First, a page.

Session Time: 3:15pm-4:00pm
Presentation Time: 3:30pm-4:00pm
*Purpose: Increasing the rates of living donor kidney transplantation is a priority, yet not much is known about the members of an end-stage renal disease patient’s social network who offer to donate but are never evaluated by the transplant center.
*Methods: In this study, we piloted a researcher administered online REDCap social network survey in an urban Mid-Atlantic hemodialysis clinic. We identify which network members offer to donate, which offers are accepted, who gets tested, and how these factors are affected by the size of their networks. Using a thematic analysis of open-ended and multiple-choice questions, we examine why some offers are not accepted, why others are not tested, and why those who were tested do not donate.
*Results: Sixty-five patients participated. The participants’ mean age was 58 +/- 13 years old. Half (51%) identified as female and 94% identified as black. Sixty one percent of patients were on the transplant list or undergoing testing. Participants identified a mean of 5 network members (Standard Deviation of 2, range 1-11). 26% of participants had one member offer to donate, while 22% had 2 or more offers (maximum of 6). Older participants received less offers (r -0.30; p = 0.01). Those with larger networks received more donation offers (r = 0.30; p = 0.01). We also analyzed the 60 network members who offered to donate. Most offers came from the participants’ children (26%), siblings (23%), friends (17%), and extended family (15%). Of the 23 participants who were in romantic relationships, 13% had their partner offer a kidney. Almost half (48%) of the participants did not accept the offers despite most (90%) wanting a living donor transplant. Two main reasons for not accepting were guilt from accepting the kidney (39%), donor age, and health issues (32%). Offers were accepted from 50% of friends, 44% of extended family, 31% of the children, and 29% of siblings. Of the 22 network members whose offers were accepted only 6 (10%) proceeded to get tested. Those who were never tested, never followed up (36%), never followed through, were not a match (23%), or were excluded for medical concerns (19%).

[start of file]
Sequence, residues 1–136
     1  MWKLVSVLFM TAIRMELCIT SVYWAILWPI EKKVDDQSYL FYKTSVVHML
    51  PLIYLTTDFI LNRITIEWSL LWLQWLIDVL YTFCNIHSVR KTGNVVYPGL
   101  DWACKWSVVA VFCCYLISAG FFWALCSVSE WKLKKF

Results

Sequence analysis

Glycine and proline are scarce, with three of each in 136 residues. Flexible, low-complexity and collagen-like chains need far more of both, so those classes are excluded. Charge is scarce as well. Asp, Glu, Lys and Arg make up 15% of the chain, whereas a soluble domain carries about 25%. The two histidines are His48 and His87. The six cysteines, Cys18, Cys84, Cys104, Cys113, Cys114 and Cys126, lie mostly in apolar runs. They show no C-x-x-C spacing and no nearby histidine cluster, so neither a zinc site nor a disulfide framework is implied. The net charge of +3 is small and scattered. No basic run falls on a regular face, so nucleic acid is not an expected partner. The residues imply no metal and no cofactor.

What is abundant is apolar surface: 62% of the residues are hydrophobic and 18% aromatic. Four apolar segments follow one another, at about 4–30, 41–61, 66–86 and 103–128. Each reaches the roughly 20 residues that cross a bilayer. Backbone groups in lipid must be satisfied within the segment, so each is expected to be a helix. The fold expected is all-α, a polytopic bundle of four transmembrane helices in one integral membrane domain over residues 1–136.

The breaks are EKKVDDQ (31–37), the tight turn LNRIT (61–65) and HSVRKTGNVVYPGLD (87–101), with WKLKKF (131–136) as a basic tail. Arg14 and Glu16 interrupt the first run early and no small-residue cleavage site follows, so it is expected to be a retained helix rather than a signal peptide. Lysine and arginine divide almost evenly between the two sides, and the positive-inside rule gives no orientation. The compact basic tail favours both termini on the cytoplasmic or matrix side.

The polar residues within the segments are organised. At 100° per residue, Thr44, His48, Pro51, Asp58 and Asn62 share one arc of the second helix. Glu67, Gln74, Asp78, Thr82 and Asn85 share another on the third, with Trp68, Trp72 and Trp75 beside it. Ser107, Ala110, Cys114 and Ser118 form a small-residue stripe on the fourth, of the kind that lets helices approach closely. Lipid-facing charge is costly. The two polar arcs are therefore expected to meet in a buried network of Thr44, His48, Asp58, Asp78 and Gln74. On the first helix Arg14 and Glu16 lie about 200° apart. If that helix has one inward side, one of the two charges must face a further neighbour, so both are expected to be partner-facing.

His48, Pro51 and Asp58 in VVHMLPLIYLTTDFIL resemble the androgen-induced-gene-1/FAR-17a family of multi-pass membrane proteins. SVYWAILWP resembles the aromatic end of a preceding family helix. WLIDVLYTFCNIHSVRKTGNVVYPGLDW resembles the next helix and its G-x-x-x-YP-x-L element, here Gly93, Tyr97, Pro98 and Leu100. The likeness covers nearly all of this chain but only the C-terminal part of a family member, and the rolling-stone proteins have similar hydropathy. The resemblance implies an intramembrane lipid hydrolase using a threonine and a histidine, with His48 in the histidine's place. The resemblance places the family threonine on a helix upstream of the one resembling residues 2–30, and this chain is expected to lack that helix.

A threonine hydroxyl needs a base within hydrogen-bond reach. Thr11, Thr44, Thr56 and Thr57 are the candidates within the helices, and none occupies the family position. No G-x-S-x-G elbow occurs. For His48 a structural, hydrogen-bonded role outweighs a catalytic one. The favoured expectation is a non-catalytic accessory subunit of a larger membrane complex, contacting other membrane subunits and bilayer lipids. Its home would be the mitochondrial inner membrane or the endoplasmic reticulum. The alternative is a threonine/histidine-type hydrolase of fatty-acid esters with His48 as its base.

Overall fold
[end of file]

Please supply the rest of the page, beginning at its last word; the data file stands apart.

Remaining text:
*Conclusions: Most (90%) social network members who offered to donate never made it to the transplant center. Research is underway to examine whether participants with larger networks will benefit from a living donor intervention. Future research should focus on the members who offer to donate and identify their barriers with donating as this could be a missed opportunity for the patient.
To cite this abstract in AMA style:Gillespie A, Cappiello J, Brown RL, Gardiner HM, Fink EL, Reese PP, Gadegbeku C, Obradovic Z. Are Living Donor Offers a Missed Opportunity? A Social Network Analysis of End-Stage Renal Disease Patients [abstract]. Am J Transplant. 2020; 20 (suppl 3). https://atcmeetingabstracts.com/abstract/are-living-donor-offers-a-missed-opportunity-a-social-network-analysis-of-end-stage-renal-disease-patients/. Accessed March 1, 2021.
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